There’s a pleasant, old-fashioned feel to Alpha.
Amat Escalante’s “The Untamed” is a movie about that beast called lust, specifically the way it can be equally irresistible, all-consuming, and dangerous. That very beast is portrayed, as the unflinching Mexican filmmaker is wont to do, by a tentacled creature that came from space. In a way that seems both inspired and completely separate from the niche world of tentacle porn, “The Untamed” creates its narrative around human beings and their need for pleasure, but not always from this monster. It’s a low-key trippy sci-fi movie about booty calls with an unwieldy space squid, but I wish I could say it was much more than that.
The main human beings of this story are Alejandra (Ruth Ramos) and Angel (Jesus Meza), a married couple who have two children and very elementary sex, as we see in an opening sequence where spooning turns into something just a tiny bit more (and with no eye contact). It’s revealed early on that Angel’s mind is more on Alejandra’s handsome doctor brother Fabian (Eden Villavicencio). We see Angel and Fabian steal away from a raucous bar to make love one night, but learn that they have two different perspectives on their desires; Angel, a blue collar construction worker, is completely closed off with his true desires, boiling up his aggressions into violent sexual text messages to Fabian, who is a bit more open despite the horrific homophobia in their community.
Now, about that squid. The squid is brought into their lives by Veronica (Simone Bucio), a new friend of Fabian’s who creates her own connection with Alejandra as the story moves along. It exists inside an empty room house in the middle of the woods, as monitored by an older married couple who understand its potential, good and bad. It has the ability to provide euphoric pleasure, as we see in an opening scene with Veronica. But just like something as profound as love, it has the same ability to hurt its partners, like with the large cut Veronica has on her side, which she tells Fabian is that of a rabid dog. Veronica passes the idea of the squid along to Fabian, and later to Alejandra, with wholly erotic and violent results.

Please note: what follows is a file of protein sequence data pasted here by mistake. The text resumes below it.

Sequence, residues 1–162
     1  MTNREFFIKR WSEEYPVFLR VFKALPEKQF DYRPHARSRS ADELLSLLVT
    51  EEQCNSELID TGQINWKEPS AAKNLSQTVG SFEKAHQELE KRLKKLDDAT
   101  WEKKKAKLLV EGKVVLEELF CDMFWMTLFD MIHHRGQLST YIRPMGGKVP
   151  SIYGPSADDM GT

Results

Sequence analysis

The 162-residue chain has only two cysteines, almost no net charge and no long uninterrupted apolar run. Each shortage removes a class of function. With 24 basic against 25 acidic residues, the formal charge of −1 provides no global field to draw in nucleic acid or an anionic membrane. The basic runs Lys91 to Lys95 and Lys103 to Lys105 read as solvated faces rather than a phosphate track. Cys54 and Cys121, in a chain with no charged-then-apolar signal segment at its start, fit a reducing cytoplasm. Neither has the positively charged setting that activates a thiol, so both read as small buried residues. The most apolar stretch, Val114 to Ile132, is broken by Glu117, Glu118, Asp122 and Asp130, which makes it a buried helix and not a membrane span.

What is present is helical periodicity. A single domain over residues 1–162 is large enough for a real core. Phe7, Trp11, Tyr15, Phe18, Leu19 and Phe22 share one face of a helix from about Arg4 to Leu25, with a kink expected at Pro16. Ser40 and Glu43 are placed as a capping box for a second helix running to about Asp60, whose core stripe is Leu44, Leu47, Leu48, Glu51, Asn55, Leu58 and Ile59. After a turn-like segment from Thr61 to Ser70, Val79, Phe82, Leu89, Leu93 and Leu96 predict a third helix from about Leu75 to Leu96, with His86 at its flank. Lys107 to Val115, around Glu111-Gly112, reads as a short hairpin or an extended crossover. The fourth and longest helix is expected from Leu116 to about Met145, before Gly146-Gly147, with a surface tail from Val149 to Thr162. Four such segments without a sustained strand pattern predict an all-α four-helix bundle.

In a way that parallels a few of the film's squid passages, “The Untamed” evolves into a not-so-revelatory story about sexual repression with Angel succumbing to the homophobia of his community. Eventually it becomes a type of family drama, where Angel becomes a type of hammy monster that is outcasted by locals and family members, and “The Untamed” reaches its lowest, weakest points when it should be building up to some type of can't-look-away climax. There’s even a domestic scuffle between Angel and Alejandra, after she learns the secret of Angel and her brother, which Escalante treats with the bland accompaniment of opera music.
For all of the strangeness to its concept, and the way that the movie kicks off with ominous vibes and bizarre disjointed imagery straight out of “Twin Peaks: The Return,” “The Untamed” offers neither a key slow burn or some atmosphere of which to be consumed by. The squid, its mysterious presence and all, becomes a mere, direct reflection for people's own pursuit of pleasure, particularly as something to distract them from their own unhappiness. All the while, the movie and its non-space characters fade as their emotions in this strange course of events seem slight.
For anyone who saw Escalante’s previous movie, the searing drama “Heli” which won Steven Spielberg’s jury prize at Cannes in 2015 while including an unbroken shot of a man’s penis being set on fire, “The Untamed” registers as a type of disappointment, even though it proves that Escalante’s values for shocking imagery is primed for stories that hardly share visual similarities. But even on its own, “The Untamed” seems disjointed, a series of some striking images (a slow zoom to extreme close-up on Alejandra's crotch while she lays in a dress, a CGI animal orgy fitting for a “Noah” porn remake) that make this an unproductive type of head-scratcher. With its most unusual aspects played relatively straightforward, the questions of “The Untamed” involve more of what works and what doesn’t, instead of anything to be unpacked.
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